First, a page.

Obviously I'm kind of bummed that the Yankees weren't involved in the Ohtani race as much as I thought they'd be. It seemed so much like a "the stars were aligned" thing but oh well, it's Ohtani's life and I hope he finds what he's looking for elsewhere.
While on that note, let me just say that I am absolutely appalled at reactions like this. For those of you too lazy to click the link, it was a link to the Daily News cover calling Ohtani a chicken. That is garbage. The guy is going to be paid jack shit to uproot his life to play in a new country and in a new culture/environment for the next six years, let him pick where he wants to do it.
For real though, the amount of saltiness and bitterness from the two most obnoxious baseball fanbases when Ohtani said no to the Yankees and Red Sox was something. Enough to ensure that Ohtani the Yankee/Red Sock isn't happening for a long ass time. And I say that as a guy who is a Yankees fan (I guess) :P.
For whatever it's worth I think the Ohtani race will ultimately come down to the Mariners or Padres. Both make a lot of sense and give Ohtani the opportunity to A). both pitch and hit and B). be a part of an up-and-comer. Although the Padres may have an advantage if Ohtani really wants a legit shot at a World Series title in 2020. I stopped caring about the Padres after it was made clear that they stopped caring about Luis Torrens but they do have a great farmsystem. Many won't pan out but the ones that will will be ready and contributing by 2020.
So while that ends the direct Ohtani thought I had, I had a few ones loosely related to it.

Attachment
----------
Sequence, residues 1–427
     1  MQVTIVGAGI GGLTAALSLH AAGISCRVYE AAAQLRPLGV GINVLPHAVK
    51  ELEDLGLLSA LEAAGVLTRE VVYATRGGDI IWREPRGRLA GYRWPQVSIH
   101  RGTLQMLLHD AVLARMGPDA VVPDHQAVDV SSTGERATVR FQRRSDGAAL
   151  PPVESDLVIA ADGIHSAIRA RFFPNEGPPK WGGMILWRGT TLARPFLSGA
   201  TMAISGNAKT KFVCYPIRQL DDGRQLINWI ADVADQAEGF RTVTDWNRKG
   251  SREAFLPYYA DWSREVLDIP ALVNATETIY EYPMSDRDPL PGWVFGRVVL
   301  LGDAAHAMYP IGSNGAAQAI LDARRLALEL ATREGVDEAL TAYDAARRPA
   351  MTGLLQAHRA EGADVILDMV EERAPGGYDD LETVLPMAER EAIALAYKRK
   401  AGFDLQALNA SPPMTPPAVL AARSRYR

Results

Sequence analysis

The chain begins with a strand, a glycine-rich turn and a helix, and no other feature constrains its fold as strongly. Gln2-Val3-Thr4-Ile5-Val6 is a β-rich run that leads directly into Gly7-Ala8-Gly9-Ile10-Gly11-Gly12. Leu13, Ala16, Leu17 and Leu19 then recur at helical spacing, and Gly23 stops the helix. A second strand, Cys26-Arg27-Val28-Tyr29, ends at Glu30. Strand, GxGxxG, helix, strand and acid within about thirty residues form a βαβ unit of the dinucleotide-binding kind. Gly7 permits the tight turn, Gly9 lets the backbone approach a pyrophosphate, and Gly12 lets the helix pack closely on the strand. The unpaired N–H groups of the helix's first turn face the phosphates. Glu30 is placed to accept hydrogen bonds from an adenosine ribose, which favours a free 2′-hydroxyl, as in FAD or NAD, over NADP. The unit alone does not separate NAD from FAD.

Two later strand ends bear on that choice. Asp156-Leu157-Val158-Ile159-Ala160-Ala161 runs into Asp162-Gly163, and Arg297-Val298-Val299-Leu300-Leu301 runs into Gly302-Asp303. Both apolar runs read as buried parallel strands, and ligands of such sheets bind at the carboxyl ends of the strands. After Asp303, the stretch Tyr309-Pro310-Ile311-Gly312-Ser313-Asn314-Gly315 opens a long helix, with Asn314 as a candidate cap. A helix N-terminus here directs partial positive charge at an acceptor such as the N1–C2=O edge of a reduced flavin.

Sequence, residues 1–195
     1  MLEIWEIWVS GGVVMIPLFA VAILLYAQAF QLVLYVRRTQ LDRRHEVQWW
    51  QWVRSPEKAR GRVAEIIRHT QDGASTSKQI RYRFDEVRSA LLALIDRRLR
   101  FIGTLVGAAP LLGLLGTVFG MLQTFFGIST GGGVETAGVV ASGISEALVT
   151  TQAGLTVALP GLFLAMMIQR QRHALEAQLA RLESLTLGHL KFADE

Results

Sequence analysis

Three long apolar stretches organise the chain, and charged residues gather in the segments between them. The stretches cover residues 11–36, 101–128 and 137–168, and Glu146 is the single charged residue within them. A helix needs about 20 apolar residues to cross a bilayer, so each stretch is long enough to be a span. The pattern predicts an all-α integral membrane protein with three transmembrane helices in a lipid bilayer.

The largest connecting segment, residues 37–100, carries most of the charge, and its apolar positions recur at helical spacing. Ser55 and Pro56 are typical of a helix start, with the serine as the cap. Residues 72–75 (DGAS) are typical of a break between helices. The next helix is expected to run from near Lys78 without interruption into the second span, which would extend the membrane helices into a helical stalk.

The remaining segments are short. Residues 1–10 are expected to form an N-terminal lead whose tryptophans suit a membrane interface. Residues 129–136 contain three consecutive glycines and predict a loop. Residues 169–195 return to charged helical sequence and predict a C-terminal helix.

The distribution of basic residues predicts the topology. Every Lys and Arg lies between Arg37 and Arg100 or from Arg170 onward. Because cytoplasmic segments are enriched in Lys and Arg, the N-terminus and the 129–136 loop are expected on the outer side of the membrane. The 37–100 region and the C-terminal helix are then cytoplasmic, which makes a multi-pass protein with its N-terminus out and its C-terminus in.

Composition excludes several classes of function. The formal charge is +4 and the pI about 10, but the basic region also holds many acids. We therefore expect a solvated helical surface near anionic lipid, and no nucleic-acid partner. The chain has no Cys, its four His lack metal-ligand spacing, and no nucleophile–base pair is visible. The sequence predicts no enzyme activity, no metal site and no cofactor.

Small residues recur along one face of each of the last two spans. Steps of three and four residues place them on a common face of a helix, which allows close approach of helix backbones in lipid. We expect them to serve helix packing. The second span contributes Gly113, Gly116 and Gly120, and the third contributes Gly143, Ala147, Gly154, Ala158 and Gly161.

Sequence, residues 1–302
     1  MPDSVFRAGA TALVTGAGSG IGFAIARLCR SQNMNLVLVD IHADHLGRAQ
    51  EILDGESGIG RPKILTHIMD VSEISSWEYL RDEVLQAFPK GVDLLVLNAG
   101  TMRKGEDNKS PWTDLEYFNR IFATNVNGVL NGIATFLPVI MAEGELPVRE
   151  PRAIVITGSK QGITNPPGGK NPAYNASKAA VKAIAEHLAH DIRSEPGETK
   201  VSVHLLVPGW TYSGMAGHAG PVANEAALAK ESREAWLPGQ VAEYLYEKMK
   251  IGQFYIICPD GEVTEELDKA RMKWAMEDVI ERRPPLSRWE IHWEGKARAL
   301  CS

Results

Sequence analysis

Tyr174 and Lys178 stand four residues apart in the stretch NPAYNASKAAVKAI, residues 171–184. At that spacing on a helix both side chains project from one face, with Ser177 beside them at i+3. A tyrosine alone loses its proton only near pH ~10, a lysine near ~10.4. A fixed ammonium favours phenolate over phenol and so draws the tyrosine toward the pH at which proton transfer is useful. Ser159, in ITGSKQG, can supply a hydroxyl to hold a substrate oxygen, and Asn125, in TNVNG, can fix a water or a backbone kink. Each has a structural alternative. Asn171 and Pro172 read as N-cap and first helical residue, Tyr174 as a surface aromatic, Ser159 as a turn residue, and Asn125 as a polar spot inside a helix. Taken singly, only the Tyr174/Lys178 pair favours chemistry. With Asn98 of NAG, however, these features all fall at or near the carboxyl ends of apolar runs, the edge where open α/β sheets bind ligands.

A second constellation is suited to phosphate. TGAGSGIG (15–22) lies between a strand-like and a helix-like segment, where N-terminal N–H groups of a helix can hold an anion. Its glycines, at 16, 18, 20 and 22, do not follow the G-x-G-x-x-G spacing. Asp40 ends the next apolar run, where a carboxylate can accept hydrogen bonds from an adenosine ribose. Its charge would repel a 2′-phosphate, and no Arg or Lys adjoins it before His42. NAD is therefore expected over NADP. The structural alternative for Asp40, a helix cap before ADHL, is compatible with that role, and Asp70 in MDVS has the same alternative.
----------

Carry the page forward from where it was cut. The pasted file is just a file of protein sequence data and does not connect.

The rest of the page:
The first is that the Minnesota Twins were really smart yesterday by trading bonus pool money to the Seattle Mariners and the Los Angeles Mike Trouts of Anaheim.
Official: Twins acquire C David Banuelos from the Mariners in exchange for $1,000,000 in international bonus pool cap space.— Mark Feinsand (@Feinsand) December 7, 2017
Source: #Angels acquire international slot money from #Twins for OF Jacob Pearson, who received a $1M signing bonus as a third-round pick in 2017. Clearly adding money for Ohtani, just as #Mariners also did tonight.— Ken Rosenthal (@Ken_Rosenthal) December 7, 2017
The Twins gave away a million apiece in international bonus pool slot money. In return they got back David Banuelos, a catcher who was the Mariners' 10th best prospect on MLB.com, and Jacob Pearson, an outfielder who was the Trouts' fifth best prospect on MLB.com.
Brian should be proud. Obviously the Twins could've gone after the non-Kevin Maitan prospects who became free agents after MLB cracked down hard on the Atlanta Barves, but instead they turned it into a fifth round draft pick and a third round draft pick. That said the Mariners and Trouts farmsystems are terrible so whether these guys go anywhere except the 25-30 range in the Twins top prospect rankings (at best) remains to be seen but adding depth is never a bad thing. Especially with the Twins' lack of catching depth in their org (they've got Rortvedt, Garver and not much else TBH).
The money acquired could've been for Ohtani, in the Trouts' case you could argue they were for Kevin Maitan. Either way the Twins capitalized and added some nice depth pieces.
I did joke a few times on Twitter that the Yankees should trade their bonus pool money for players, but then I realized two things.
One is that they're actually reportedly interested in a few international free agents like (OF) Julio Pablo Martinez and (INF) Yunior Severino (per Jonathan Mayo). And with Maitan out of the picture, why not? Personally I want them to sign Yunior so that the Yankees can potentially have Luis Severino, Anderson Severino and Yunior Severino all in the same organization.
The second and more important thing is that four of the teams still in the Ohtani race can't dish out anything bigger than a $300,000 bonus to Ohtani. Those four are the Giants, the Padres, Cubs and Dodgers. All of these clubs went above their bonus pool money sometime in the previous two years and as a punishment, 300k is all they can dish out.